Daniel Dercksen shares a few thoughts with writer-director John Barker, a proud graduate of The Writing Studio, who turned politics inside out and upside down with his biting independent mockumentary Wonder Boy For President and now brings us the fun, poignant and so quintessentially authentically South African The Umbrella Men.
You have definitely taken the world by storm since the first workshops you did with The Writing Studio 15 years ago in Johannesburg? How much did the workshops help you in taking a step forward in your career?
I always find your workshops challenging and informative. As filmmakers you always discover new things about work process and thinking when you get to share these things with students and colleagues. I also feel that there weren’t many writing studios around at that time in SA – so it was a great learning curve for me as it was the first time I got the opportunity to really discuss writing in detail. I did not attend film school so your workshops formed a significant part of my film education.
Your first mockumentary was Blu Cheez, showcasing your talent as satirist?
My first stab at satire was a mockumentary called Blu Cheez. I was directing and shooting music videos at the time and decided to make a film that reflected the music industry in Johannesburg – 2003. After doing three months of sketches on the Pure Monate Show it made sense to make Bunny Chow which went behind the scenes of the comedy world. I was fascinated by the stuff that happened offstage. I feel the same way now about Wonder Boy For President as the country is all consumed with politics – I feel it’s necessary to comment on it
You went from Bunny Chow to directing How To Steal A Million and the 3rd segment of Spud?
31 Million Reasons was a great experience. I learnt a lot about the filming process as it was the first film that I had been commissioned to direct. Learning to deal with Producers, execs and clients is a real skill. Spud was with the same team but the stakes were much higher. Working with John van der Ruit, John Cleese, Troye Sivan and the team of young actors was such a cool experience.
You have also made quite an impression in the local television industry…
I have been very fortunate to work with Bomb productions in the last few years. Working on Ayeye, Isibaya and Mzanzi Magic’s The Road. I recently co-directed the Bantu Hour. Sketch comedy is good times!
Now Wonder Boy For President is challenging conventions and received great attention at the Durban International Film Festival 2016.
Wonder Boy For President is a political satire which examines and reflects on the current political landscape in SA. I have been working on improv and retro scripting techniques in Blu Cheez, Bunny Chow and now WBFP. I have tried to blur the lines between fiction and non fiction. Wonder Boy is fictitious but we intercut his scenes with clips of Jacob Zuma, Julius Malema and Mmusi Maimane reacting to Wonder Boy’s antics.
Tell me about Wonder Boy for President, how did it happen and what inspired the film?
WBFP was conceived as a response to the lack of leadership in SA. We as filmmakers and comedians felt it was necessary to make a film that asked questions and challenged the status Quo. We feel that the country needs someone like Wonder Boy. A charismatic leader who the entire country can believe in – someone who can bring us all together. As you can imagine it was difficult to raise money. Our pitch went something like this ‘we’re making a mockumentary about Jacob Zuma and the ANC’ – door closed! 2016 is our 5th year of shooting due to money constraints and timing of the release.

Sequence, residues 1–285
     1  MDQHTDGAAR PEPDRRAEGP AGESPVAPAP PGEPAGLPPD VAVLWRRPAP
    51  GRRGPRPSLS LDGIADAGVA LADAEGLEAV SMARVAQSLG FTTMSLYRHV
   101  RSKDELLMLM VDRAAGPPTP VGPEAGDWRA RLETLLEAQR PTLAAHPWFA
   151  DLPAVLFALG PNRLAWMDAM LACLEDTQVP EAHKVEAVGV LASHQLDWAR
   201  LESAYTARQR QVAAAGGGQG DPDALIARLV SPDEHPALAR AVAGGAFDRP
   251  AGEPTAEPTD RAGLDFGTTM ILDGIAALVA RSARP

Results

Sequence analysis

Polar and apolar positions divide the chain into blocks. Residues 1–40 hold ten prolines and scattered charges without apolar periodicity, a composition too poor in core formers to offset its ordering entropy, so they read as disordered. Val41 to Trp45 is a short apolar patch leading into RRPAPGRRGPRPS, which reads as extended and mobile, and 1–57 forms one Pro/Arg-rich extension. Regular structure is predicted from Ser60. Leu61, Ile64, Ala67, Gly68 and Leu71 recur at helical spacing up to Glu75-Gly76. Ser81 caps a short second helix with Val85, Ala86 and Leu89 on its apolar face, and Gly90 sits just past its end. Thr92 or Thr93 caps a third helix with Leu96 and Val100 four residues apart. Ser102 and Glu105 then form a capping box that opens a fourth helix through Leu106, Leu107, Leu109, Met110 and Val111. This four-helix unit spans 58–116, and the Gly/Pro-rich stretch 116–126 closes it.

Was Wonder Boy for President a difficult film to get to the big screen?
Yes, it’s been very difficult to get this film to cinema. I feel that the timing is right and we hope SA come out and support the cause. This is your chance to have a say Vote for Wonder Boy – only he can save us.
You are a writer and director working in film and television… Which medium do you prefer?
Difficult to answer. A balance between both is important for me.
How much has the industry changed since Bunny Chow?
When I made Bunny Chow – two other feature were made that year. Ten years on we’re making close to 50 features a year. SA films are now smashing box office records – it’s a good time to be in film. TV getting tougher as drama continues with SABC.
What advice you you have for writers who want to get their words turned into action?
Writers must read screenplays, TV series and any form of storytelling. Read scripts of films they’ve seen and films they have not seen…and continue to write.
And advice for those who want to direct their own films?
Directors must write and direct wherever they can. Short stories are always a good place to start as they are relatively inexpensive and you can quickly see if you’re getting the response from your audience that you were expecting.
What excites you about making films?
Storytelling is important. When people watch your film and get what you were trying to say – with character or plot or trying to make a point or trying to communicate about your characters need and wants.
Where did it all start for you, that moment that you knew you were going to be a filmmaker?
I got to make a short stop motion film in my second year studying Graphic design. I loved the collaborative aspect and process. I loved that filmmaking requires many talented people from many departments and different walks of like coming together to make one idea work. I also love being on set.
Who is the man behind the filmmaker, what do you do when you are not making films?
I have three sons who keep me very busy, when I’m not on set.
What do you hope audiences will get out of watching Wonder Boy for President?
I hope they are entertained.
What’s next for you?
I am writing Lolly – a film and TV series about Lolly Jackson. In pre Prod on Ayeye 2. Also hoping to make The Umbrella Men (10 years now).